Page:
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Have you turned on the TV lately?
All day and all night — a constant stream of uplifting drug commercials.
Chirping birds. Picnics. Bright sunshine. Lovers frolicking down the path toward eternal happiness.
There’s a pill for every ill.
If only real life were that simple.
First off, you always get the litany of warnings at the end of these drug commercials.
Life-threatening risks associated with the instant cures that actually cure nothing but have succeeded in making the world drug-addicted.
It’s a simple formula. The more prescription drugs consumed, the less effective they become.
There is no better example of this than overprescribed and overconsumed antibiotics.
The chronic misuse and overuse of antibiotics is a trend long in the making, which I identified and documented in my book Trends 2000, published in 1997.
As Big Pharma developed a wider range of antibiotics and aggressively marketed them as wonder drugs, I forecast 20 years ago that bacteria would become resistant to these new treatments.
I wrote in Trends 2000:
Worldwide misuse of antibiotics was in the process of destroying their effectiveness on a massive scale. Medical authorities around the world were acknowledging a frightening scenario: The wonder bugs were winning the battle with the wonder drugs.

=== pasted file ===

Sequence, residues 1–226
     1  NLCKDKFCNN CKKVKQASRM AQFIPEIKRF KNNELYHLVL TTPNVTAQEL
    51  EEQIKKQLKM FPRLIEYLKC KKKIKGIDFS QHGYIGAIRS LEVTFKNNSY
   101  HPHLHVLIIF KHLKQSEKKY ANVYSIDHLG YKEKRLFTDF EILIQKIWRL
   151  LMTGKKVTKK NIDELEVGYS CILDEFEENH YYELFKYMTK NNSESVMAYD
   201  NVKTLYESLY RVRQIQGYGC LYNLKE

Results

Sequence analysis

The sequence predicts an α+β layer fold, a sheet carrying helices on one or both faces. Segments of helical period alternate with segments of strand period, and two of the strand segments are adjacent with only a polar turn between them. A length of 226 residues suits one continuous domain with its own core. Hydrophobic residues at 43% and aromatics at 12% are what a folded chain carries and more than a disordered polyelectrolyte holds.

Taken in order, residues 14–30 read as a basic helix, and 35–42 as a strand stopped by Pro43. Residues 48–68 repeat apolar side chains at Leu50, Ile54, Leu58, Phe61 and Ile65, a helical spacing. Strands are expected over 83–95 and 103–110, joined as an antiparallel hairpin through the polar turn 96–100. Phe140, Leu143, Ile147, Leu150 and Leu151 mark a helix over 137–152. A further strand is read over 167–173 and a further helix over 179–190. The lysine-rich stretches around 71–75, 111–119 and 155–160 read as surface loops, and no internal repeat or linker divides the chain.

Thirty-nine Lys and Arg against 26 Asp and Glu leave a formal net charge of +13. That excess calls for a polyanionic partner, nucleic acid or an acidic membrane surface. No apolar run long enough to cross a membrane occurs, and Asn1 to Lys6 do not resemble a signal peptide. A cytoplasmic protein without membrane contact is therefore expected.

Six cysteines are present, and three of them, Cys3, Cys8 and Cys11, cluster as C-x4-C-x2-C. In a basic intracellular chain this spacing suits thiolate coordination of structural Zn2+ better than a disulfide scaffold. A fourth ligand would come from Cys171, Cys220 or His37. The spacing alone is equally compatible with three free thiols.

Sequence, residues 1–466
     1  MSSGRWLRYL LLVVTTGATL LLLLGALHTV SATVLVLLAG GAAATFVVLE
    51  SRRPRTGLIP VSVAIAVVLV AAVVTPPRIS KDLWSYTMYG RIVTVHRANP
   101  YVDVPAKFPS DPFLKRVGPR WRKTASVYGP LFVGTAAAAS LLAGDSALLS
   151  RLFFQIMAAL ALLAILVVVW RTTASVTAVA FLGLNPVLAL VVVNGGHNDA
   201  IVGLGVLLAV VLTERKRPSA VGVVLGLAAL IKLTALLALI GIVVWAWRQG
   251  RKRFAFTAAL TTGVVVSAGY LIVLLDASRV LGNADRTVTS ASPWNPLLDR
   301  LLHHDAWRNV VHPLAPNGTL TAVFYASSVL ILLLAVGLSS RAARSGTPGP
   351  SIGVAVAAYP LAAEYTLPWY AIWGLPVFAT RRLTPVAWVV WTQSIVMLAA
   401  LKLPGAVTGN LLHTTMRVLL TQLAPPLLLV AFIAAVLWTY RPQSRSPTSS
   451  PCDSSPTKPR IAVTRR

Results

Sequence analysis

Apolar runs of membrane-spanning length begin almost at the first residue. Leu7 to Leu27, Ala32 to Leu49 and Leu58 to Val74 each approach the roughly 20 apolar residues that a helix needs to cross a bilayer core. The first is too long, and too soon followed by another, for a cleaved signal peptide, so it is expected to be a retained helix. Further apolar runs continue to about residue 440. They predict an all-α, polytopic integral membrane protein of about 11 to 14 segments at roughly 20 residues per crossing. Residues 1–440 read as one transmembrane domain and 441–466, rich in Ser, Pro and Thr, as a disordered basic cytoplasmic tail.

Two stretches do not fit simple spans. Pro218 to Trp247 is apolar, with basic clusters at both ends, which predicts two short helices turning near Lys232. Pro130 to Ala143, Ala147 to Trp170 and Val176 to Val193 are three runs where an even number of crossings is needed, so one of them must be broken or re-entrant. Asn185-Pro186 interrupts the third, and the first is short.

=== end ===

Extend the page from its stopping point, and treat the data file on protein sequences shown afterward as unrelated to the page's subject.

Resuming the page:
In 2017, we are squarely in, as it’s known today, the age of “antimicrobial resistance.”
The World Health Organization has warned that the misuse of antibiotics produces drug-resistant bacteria, fueling a resurgence of cholera, tuberculosis and other diseases.
The WHO made it clear antibiotics are losing their effectiveness.
They warned that once a new drug becomes widely used, resistance will spread throughout the world.
In fact, the WHO now reports that 700,000 people die each year from infections that resist antibiotics.
Moreover, studies worldwide are projecting a growing, staggering number of deaths in the decades ahead.
While a large segment of society is looking for natural healing remedies rather than going the prescription drug route, research laboratories are in a race to create a new type of antibiotic that can defeat the resistance from bacteria.
With tens of millions of lives at risk from common infections that are resistant to antibiotics and can evolve into more serious medical conditions, the leading-edge companies that create drugs to combat the superbug epidemic are positioned for enormous profit potential.
There’s a huge opportunity for big gains from medicine’s frantic race to beat the bugs before they beat us.
Until next time,
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